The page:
Humanitarian and Compassionate Applications

There are some potential immigrants who wouldn’t normally be eligible to become permanent residents of Canada, but who have exceptional cases. For example, perhaps they have general family ties to Canada. Perhaps children are involved.

A humanitarian and compassionate application is not the same as a refugee claim. In fact, you cannot make this application if you are in the middle of a refugee claim.

Physical Protection or Person in Need of Protection

This provision of Canadian immigration law allows Canada to extend protection to refugees who wouldn’t normally be eligible for protection on Convention grounds.

They must need protection from a state agent who might threaten their life or threaten them with cruel and unusual punishment. The risk must be personal. In addition, no protection may be available from their own nation.

The risk must also extend to every part of the country the person in need of protection is from.

Am I Eligible to Make a Claim?

You may make the claim without restriction, but that doesn’t mean that your claim is going to be approved.

The way that you phrase your refugee request can make a big difference in whether or not immigration officials take it seriously.

Reaching out to an immigration lawyer to get help with your claim can help you obtain your best chance of getting the protection you deserve. The United Nations Refugee Agency strongly suggests getting aid from an attorney as well.

How Can I Make a Refugee Claim?

You can email to IRCC.RefugeeClaim-Demandedasile.IRCC@cic.gc.ca to tell them you want to start a claim. They will send you a link to create a secure online account where you can begin the application process.

What Happens after the Refugee Protection Division Receives My Claim?

You will be scheduled for an eligibility interview. Once you are determined to be eligible you will be scheduled for a hearing before the Immigration and Refugee Board of Canada (IRBC).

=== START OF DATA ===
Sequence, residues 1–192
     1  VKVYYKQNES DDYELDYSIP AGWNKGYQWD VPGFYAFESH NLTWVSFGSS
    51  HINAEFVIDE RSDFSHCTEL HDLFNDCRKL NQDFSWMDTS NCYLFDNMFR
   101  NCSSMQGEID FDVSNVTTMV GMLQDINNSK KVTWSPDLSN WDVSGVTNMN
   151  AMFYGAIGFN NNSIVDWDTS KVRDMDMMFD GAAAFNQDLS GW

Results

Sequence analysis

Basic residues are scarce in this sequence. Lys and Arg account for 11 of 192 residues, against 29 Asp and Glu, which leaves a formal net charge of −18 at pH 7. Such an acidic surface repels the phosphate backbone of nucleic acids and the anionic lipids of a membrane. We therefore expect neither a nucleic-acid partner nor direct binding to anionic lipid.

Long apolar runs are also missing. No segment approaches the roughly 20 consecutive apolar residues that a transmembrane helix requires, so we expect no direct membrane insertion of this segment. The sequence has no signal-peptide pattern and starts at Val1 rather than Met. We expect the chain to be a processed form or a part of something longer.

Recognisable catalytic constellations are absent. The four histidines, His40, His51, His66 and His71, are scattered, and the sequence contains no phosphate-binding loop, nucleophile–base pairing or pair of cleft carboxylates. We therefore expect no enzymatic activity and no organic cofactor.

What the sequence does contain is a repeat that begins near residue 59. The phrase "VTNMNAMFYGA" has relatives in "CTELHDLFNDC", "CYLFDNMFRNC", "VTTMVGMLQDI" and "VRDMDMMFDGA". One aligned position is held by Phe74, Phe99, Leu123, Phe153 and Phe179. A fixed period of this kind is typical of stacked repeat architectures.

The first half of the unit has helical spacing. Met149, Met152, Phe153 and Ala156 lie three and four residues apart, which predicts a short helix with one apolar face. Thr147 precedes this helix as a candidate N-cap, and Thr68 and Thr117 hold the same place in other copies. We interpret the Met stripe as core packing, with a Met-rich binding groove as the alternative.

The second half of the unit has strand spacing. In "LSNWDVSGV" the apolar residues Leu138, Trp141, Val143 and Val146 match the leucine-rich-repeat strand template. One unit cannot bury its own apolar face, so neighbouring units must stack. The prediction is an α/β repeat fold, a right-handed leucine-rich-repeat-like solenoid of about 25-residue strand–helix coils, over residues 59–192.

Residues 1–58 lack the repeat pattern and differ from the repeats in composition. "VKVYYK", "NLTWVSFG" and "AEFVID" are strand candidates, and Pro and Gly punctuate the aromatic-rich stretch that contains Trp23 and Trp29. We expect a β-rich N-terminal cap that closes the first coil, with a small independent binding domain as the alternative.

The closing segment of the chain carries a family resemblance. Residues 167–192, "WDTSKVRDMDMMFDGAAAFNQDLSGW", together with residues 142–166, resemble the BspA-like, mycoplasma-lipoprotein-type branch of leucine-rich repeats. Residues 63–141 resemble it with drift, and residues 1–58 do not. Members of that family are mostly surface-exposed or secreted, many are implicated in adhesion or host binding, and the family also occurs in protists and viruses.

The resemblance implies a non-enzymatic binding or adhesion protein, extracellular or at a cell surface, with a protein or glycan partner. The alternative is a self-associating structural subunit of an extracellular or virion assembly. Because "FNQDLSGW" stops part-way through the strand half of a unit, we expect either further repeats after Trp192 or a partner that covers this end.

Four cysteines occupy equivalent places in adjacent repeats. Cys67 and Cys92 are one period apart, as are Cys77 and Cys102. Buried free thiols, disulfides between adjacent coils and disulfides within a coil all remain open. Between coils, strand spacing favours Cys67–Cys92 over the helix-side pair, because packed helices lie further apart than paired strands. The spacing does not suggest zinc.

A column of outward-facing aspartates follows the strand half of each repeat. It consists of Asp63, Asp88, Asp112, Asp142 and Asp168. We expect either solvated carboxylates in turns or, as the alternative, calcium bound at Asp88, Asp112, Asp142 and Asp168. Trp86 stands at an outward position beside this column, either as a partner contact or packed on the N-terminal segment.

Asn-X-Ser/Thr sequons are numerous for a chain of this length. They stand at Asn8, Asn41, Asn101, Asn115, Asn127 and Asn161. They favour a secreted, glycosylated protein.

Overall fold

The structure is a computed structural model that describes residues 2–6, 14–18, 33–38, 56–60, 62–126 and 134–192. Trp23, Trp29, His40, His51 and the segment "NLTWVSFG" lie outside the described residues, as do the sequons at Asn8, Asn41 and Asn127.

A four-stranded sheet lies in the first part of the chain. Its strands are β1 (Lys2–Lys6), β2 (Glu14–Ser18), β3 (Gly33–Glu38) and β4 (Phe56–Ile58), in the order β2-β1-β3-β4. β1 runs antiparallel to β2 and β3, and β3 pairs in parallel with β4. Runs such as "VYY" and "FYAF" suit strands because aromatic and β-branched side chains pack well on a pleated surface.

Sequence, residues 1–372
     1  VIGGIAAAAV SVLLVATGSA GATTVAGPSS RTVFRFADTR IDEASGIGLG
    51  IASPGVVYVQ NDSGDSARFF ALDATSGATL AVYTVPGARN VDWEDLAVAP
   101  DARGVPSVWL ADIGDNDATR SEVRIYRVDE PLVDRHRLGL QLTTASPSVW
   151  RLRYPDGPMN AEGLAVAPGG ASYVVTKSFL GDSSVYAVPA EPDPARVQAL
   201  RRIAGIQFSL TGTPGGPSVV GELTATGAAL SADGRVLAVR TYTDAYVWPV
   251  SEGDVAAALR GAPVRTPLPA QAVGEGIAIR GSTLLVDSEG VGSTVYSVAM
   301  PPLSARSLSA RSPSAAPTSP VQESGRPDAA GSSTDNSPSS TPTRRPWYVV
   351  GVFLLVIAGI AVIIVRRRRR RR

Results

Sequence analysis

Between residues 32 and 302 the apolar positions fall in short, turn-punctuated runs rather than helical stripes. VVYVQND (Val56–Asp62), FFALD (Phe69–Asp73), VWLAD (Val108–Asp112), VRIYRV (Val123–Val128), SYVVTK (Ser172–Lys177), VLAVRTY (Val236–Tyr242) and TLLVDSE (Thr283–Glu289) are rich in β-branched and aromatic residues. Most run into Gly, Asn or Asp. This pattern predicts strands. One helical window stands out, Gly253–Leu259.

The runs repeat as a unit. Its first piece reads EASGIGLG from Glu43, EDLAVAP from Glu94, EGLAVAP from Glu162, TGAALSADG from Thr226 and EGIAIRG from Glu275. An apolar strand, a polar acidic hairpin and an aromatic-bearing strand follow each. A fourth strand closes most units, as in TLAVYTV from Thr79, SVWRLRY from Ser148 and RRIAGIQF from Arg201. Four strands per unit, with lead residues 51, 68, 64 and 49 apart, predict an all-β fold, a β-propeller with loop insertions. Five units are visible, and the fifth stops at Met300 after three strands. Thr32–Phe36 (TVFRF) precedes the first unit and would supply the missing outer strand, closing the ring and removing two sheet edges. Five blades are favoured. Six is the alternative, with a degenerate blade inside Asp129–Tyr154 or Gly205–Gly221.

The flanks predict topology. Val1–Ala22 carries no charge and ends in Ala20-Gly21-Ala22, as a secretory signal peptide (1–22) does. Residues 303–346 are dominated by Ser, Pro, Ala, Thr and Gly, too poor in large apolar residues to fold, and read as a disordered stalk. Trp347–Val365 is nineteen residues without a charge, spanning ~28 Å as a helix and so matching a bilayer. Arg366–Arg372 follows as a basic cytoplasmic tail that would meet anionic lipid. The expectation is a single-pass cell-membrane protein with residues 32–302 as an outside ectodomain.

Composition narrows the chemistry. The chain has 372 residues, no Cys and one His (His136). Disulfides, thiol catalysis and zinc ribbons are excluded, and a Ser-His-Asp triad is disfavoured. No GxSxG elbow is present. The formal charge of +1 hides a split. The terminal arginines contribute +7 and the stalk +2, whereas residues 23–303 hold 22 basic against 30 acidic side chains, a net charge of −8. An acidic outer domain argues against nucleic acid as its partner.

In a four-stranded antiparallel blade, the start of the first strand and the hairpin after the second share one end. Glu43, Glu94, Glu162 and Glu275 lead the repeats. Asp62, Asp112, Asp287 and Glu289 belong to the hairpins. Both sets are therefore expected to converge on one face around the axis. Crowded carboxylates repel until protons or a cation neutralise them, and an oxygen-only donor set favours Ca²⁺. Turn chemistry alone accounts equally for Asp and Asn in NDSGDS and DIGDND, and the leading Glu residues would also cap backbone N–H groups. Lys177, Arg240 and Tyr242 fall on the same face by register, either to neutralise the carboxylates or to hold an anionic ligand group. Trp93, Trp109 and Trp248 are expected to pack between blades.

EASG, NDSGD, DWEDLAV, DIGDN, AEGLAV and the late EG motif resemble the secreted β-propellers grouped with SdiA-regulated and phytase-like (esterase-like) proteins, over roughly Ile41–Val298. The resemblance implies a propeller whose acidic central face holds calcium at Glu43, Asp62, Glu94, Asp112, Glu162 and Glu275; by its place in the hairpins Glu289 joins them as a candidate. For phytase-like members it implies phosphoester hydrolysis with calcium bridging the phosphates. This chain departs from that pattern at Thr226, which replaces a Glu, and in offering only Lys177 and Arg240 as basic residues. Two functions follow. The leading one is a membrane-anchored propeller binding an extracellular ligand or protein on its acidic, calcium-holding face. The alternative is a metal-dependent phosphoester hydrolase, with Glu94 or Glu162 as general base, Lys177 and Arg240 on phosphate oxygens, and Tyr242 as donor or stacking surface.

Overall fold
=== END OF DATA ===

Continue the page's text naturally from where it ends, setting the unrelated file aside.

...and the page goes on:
Need Help Making a Refugee Claim?

Don’t leave your refugee claim up to chance. Reach out to our attorneys to get help today. We have decades of experience helping people just like you find hope within Canada’s borders.

We even have attorneys on staff who speak Mandarin and Punjabi if you need help in either of these languages.

Contact us to make an appointment today. We are happy to set up a video chat appointment if you require one!

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    Frequently Asked Question

    To get permanent residency, you have to live for at least three years in Canada. You also need some other documents to apply for Citizenship.

    In generally takes six months to get the citizenship after taking the Citizenship Test and Interview.

    People aged between 18 to 54 have to take the citizenship test and Interview.

    Oath taking ceremony generally takes 45 to 60 mins to complete. However, the time may vary upon the number of applicants and citizens.

    Yes, any Citizen who is a Canadain Citizen can renounce his citizenship status if he wants. He may apply for renouncing the citizenship under certain conditions.

    The answer is yes. You can again apply to resume your Citizenship status though you have renounced it once.

    The total fees for applying for Citizenship in Canada is CAN $ 630. Among the prices, $530 is for processing fee, and $100 is for the right of  Citizenship fee. But for minors aged under 18, the processing fee is $100.